In this light, what Sharma is doing is making a case for the sophistication of things that home cooks do without a second thought. And highlighting the interconnectedness of what goes on at domestic cookers whether they are in Memphis or Mumbai. “Science happens in every kitchen, not just in the west,” he says. Now, his new book is out to make all our gastronomic experiments that bit more informed, impactful and, yes, maybe even a little more beautiful.

Roast chicken thighs and vegetables (pictured above)

A quick, flavourful chicken recipe with minimal effort. If you have time to marinate the chicken overnight, the flavour will benefit. Use an umami-flavoured salt to give this a whole new dimension of taste.

  • Worcestershire sauce acts as the savoury booster for the marinade that seasons the chicken.

  • The fat in the chicken is released during roasting and renders, adding a second component of flavouring to the vegetables in the pan.

  • Garlic, ginger, peppercorns and fresh chillies provide the “heat” molecules that act via chemesthesis.

Serves 4
For the chicken
chicken thighs 4 (total weight about 910g), bone in and skin left on

For the marinade
garlic 2 cloves, peeled
fresh ginger 2.5cm piece, peeled
white vinegar 2 tbsp
Worcestershire sauce 2 tbsp
extra virgin olive oil 2 tbsp
fine sea salt 1 tsp
black peppercorns ½ tsp

For the roasted vegetables
new potatoes 455g
mushrooms 230g, sliced
fresh or frozen peas 120g
extra virgin olive oil 1 tbsp
coarsely ground black pepper ½ tsp
fine sea salt

For the garnish
chives 2 tbsp, chopped
fresh green or red chilli 1, such as bird’s eye, thinly sliced

To prepare the chicken, dry the thighs with clean paper towels and place them in a large resealable bag.

To prepare the marinade, blend the garlic, ginger, vinegar, Worcestershire sauce, olive oil, salt and peppercorns on high speed for a few seconds until combined. Pour the marinade over the chicken, seal the bag, shake to coat and let marinate in the refrigerator for 2 hours, preferably overnight.

When ready to cook, set the bag with the chicken on the kitchen counter to reach room temperature, about 15 minutes.

Preheat the oven to 180C fan/gas mark 6.

To prepare the vegetables, toss the potatoes, mushrooms and peas in a large bowl with the olive oil and pepper, and season with salt. Spread the vegetables out in a large baking pan or roasting dish.

Remove the chicken from the bag and arrange the thighs, skin side up, over the vegetables. Pour any leftover marinade over the chicken thighs. Roast in the oven until the skin on the thighs is browned and crispy and the potatoes are soft and tender, 55 to 60 minutes. The chicken is ready when the internal temperature reaches 74C on an instant-read thermometer. Remove the pan from the oven and let sit for 5 minutes.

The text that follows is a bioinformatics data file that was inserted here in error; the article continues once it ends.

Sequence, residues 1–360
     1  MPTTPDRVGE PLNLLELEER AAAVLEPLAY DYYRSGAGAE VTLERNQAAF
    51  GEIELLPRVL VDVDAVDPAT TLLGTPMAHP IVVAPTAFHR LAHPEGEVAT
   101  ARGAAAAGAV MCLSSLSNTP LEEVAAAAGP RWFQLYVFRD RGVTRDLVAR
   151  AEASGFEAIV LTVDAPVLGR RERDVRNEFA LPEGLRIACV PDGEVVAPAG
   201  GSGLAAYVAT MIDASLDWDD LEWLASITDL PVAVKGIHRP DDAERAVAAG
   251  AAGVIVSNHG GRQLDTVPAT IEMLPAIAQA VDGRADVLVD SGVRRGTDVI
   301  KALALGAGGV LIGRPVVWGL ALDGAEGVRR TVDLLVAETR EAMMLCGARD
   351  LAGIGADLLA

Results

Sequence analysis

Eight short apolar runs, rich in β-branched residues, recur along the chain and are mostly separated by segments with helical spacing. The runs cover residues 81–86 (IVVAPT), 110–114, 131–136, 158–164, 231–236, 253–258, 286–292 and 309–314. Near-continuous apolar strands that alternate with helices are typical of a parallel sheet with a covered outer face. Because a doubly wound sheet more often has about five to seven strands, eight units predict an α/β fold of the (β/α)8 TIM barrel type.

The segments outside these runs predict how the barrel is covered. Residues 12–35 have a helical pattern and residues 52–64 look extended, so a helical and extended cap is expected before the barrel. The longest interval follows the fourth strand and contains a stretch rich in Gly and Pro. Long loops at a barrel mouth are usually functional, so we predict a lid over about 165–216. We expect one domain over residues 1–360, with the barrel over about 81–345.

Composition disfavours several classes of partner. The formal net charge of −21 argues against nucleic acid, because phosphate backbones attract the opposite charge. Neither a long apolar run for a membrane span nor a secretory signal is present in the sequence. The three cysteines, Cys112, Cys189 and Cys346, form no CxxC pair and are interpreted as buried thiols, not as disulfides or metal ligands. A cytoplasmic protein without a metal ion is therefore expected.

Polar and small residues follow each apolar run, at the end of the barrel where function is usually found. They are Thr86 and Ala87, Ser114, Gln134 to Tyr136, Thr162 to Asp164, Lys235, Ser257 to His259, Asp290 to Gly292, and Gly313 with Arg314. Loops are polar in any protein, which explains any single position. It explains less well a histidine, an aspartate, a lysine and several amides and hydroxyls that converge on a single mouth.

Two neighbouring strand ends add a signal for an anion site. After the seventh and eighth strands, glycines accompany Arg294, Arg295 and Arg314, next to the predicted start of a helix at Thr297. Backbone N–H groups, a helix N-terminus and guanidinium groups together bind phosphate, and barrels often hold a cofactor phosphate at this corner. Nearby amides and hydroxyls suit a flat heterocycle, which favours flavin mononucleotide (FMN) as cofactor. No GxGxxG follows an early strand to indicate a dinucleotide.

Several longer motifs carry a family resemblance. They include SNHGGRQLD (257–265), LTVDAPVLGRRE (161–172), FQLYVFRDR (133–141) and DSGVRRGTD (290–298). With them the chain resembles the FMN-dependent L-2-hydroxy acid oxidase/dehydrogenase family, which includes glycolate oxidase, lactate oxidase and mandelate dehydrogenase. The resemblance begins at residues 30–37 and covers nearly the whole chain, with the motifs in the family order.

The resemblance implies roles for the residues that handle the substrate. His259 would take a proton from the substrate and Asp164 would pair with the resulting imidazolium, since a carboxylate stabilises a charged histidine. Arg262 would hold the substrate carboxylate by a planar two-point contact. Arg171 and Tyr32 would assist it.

Garnish with the chives and chillies and serve.

Couscous with sesame-roasted carrots and feta

Couscous with sesame-roasted carrots and feta.



Couscous with sesame-roasted carrots and feta. Photograph: Nik Sharma

While filming a documentary for PBS in Oakland, California, my friend Jessica Jones (who produced the video) brought in a delicious couscous salad studded with roasted carrots and a bunch of fresh green herbs. It ranks as one of the most flavourful meals I’ve eaten. I might be a little biased because I think Jessica is absolutely wonderful. This couscous dish, inspired by Jess’s couscous, is also simple yet elegant.

  • Observe how vinegar affects the perception of salt in the shallot and sesame oil dressing. Acids increase the perception of saltiness, and you will end up using less salt than you would otherwise.

  • The shallot is cut thinly enough to pickle quickly when submerged in the acid in the vinegar. Notice how the pinkish-red anthocyanin pigments in the shallots turn a little more intense once they’re in the vinegar. The low pH helps intensify the colour.

Serves 4 as a side
For the couscous
carrots 455g, peeled and cut in half lengthways
garlic 8 cloves, peeled
extra virgin olive oil 3 tbsp
black sesame seeds 1 tsp
white sesame seeds 1 tsp
red chilli flakes 1 tsp, such as Aleppo, Maras or Urfa
fine sea salt
ground black pepper
½ tsp
low-sodium chicken stock 240ml, or water
bay leaves 2
couscous 135 g
coriander or flatleaf parsley 2 tbsp, chopped
feta 30g, crumbled
mint 2 tbsp, chopped

For the dressing
rice wine vinegar 60ml
toasted sesame oil 2 tbsp
maple syrup 1 tbsp, or 2 tsp honey